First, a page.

One doctor’s curiosity and deep concern, led to an international effort in the fight against trafficking. 

Now, with politicians and municipal stakeholders all meeting in Ottawa to discuss the biggest issues facing municipalities today, this week’s Association of Municipalities of Ontario (AMO) conference in Ottawa could prove to be an inflection point for many political leaders. 

That is, if human trafficking were on the agenda. 

In Part 1 of this series, The Pointer looked at the potential impact AMO could have for both awareness and funding, if the organization and its members were urged to put their advocacy power behind the issue of human trafficking. 

A spark in the mind of even one politician could send them back to their own community and start discussing how to confront this growing crime that is tearing many families apart, in towns and cities across Canada. 

The grassroots are the place experts say the fight needs to start to curb the rising numbers of people, both men and women, falling victim to traffickers each year. 

In Canada, the majority of people trafficked are females younger than 25 with Indigenous females making up a startling percentage of trafficked individuals. Young Indigenous women account for only 4 percent of the Canadian female population but represent more than 50 percent of sex trafficking victims.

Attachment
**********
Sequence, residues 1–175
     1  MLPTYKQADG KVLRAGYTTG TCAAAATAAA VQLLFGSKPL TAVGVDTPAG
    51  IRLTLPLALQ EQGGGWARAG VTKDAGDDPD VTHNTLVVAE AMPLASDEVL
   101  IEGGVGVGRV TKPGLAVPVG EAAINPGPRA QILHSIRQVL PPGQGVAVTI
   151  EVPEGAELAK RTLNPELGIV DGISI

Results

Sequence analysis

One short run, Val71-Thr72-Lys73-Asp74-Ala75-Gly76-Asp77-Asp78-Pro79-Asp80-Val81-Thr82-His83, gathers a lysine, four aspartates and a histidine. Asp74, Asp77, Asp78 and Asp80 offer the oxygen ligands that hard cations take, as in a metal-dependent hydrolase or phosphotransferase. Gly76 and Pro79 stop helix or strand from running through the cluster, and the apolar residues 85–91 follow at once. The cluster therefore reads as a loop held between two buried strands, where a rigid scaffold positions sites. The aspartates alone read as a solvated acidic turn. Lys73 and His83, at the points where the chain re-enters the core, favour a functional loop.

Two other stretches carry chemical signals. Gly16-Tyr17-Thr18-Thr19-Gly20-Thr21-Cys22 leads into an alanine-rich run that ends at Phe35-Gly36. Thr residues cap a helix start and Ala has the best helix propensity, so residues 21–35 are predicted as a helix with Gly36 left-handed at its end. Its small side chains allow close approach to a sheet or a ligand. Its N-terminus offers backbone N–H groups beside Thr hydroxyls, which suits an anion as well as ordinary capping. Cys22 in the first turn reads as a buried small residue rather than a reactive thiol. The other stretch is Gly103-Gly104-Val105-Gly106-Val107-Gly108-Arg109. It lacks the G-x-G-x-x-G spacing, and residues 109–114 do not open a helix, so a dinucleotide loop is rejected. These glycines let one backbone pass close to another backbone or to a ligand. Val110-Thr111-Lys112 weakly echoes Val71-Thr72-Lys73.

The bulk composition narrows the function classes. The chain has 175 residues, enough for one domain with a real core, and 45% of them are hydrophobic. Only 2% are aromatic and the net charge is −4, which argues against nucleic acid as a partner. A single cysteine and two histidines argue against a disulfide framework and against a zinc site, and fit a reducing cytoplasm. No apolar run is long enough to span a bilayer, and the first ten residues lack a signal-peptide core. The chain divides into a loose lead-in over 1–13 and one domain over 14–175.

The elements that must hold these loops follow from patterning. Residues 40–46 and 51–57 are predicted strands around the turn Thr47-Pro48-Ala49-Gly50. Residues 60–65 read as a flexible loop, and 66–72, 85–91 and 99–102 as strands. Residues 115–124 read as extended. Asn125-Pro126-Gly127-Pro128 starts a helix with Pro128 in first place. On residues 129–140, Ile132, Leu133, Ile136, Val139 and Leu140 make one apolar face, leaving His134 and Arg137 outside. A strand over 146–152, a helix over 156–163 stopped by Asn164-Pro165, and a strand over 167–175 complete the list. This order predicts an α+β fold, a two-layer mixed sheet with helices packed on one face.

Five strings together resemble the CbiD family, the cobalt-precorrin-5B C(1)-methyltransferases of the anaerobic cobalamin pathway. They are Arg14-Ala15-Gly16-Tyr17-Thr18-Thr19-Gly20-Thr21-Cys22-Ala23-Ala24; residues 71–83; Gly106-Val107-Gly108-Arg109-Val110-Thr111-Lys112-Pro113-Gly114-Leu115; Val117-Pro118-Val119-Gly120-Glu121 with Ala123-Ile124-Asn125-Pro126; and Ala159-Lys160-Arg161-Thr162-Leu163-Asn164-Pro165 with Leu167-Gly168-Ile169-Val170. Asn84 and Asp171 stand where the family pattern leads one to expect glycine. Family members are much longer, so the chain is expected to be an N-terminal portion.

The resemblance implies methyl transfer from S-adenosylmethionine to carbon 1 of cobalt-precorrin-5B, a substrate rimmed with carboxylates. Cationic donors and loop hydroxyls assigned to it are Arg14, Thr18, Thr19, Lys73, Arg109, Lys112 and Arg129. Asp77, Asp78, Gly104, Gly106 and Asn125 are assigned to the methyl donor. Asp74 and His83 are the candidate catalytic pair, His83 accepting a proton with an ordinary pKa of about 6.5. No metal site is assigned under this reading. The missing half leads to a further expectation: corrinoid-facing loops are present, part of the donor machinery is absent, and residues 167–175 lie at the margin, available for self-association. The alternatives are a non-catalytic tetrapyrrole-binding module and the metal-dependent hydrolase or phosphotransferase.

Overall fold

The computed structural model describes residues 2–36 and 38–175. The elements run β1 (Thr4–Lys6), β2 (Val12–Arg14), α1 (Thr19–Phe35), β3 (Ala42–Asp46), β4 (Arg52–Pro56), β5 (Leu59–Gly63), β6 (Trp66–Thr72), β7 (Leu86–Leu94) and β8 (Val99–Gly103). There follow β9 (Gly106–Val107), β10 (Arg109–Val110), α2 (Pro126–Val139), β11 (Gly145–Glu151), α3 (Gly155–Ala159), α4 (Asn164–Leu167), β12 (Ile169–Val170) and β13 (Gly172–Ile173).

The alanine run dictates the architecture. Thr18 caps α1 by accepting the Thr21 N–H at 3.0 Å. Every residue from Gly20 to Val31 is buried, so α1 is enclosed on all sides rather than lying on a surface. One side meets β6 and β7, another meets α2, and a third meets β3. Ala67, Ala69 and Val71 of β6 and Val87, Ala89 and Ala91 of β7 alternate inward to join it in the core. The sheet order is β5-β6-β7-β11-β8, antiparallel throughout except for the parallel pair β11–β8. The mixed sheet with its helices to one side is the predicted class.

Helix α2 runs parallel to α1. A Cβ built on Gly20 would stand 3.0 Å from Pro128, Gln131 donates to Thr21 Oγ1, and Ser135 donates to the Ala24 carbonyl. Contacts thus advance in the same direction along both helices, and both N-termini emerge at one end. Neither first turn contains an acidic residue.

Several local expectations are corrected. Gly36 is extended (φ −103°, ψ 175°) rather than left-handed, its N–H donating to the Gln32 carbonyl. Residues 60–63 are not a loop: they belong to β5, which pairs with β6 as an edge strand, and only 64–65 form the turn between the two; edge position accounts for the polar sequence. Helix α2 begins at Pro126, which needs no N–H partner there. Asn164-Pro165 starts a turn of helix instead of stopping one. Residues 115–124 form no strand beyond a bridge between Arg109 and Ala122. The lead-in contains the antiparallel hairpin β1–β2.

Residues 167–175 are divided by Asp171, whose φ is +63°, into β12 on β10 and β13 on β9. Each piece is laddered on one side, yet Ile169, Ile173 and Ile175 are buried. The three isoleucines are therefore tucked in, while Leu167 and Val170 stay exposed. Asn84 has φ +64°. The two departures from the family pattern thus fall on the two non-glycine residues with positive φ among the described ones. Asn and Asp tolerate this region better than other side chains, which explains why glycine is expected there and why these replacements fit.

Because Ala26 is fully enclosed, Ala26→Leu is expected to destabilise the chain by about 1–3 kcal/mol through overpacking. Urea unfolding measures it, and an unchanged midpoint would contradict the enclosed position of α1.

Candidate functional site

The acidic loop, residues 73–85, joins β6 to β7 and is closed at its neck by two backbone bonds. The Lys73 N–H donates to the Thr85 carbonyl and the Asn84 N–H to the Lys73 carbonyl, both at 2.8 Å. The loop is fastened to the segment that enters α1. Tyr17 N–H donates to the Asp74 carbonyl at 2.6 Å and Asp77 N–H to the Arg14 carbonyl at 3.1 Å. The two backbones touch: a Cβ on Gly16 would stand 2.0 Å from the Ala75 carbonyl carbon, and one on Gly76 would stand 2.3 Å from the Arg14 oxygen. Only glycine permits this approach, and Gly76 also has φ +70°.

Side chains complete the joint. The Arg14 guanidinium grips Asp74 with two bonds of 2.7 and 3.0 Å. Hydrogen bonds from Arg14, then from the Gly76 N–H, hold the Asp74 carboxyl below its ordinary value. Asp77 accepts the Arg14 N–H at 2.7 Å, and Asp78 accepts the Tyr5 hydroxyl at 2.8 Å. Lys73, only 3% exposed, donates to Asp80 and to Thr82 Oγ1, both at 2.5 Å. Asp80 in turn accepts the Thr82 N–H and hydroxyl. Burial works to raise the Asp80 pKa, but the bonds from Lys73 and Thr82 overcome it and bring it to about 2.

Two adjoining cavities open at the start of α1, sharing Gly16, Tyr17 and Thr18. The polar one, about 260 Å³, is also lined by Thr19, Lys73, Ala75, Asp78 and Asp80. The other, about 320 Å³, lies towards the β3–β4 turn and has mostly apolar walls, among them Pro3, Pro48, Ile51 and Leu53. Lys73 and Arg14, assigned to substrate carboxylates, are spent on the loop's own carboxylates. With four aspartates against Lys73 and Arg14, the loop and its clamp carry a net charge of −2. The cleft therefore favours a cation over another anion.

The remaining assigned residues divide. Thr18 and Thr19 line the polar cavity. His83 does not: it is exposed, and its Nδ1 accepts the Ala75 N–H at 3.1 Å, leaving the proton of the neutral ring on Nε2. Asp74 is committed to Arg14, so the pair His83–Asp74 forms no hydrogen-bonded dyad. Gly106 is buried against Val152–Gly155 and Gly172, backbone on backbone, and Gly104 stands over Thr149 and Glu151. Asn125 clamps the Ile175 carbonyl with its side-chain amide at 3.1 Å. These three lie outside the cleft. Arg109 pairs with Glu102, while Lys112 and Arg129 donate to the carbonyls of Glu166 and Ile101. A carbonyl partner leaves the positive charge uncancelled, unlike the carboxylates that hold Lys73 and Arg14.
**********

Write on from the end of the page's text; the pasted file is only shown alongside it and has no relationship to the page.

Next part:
Finding ways to prevent vulnerable women from becoming easy prey to traffickers starts with providing support, often at the local level. For municipalities that hold the pursestrings for the public health budgets and other life saving social services in their communities, becoming aware of human trafficking is the first step toward realizing the amount of resources needed to help not only survivors, but women who are vulnerable to becoming trafficked. 

“If you’re not talking about why people get into this situation in the first place and addressing those underlying vulnerabilities and reversing damage, then you end up with someone who is going to be re-trafficked,” Stoklosa says. 

In Ontario, the province recently announced a series of roundtables to gather ideas to battle human trafficking. The discussions will be chaired by Parliamentary Assistant Belinda Karahalios and Mississauga Centre MPP Natalia Kusendova, and are to include sex trafficking survivors, Indigenous partners, law enforcement and front-line service providers. The move struck some as disingenuous, coming as it did after the Ford government disbanded an expert panel set up by the former Liberal government in 2015 to advise the province on emerging issues about violence against women. No schedule for the upcoming roundtable is available.

If the province shows a willingness to engage on the topic, municipalities should see that as an open door to advocating for further funding to battle the increasingly disturbing trend of trafficking happening in our backyard. The ongoing AMO gathering would be a perfect place to do just that. 


Email: [email protected]

Twitter: @JoeljWittnebel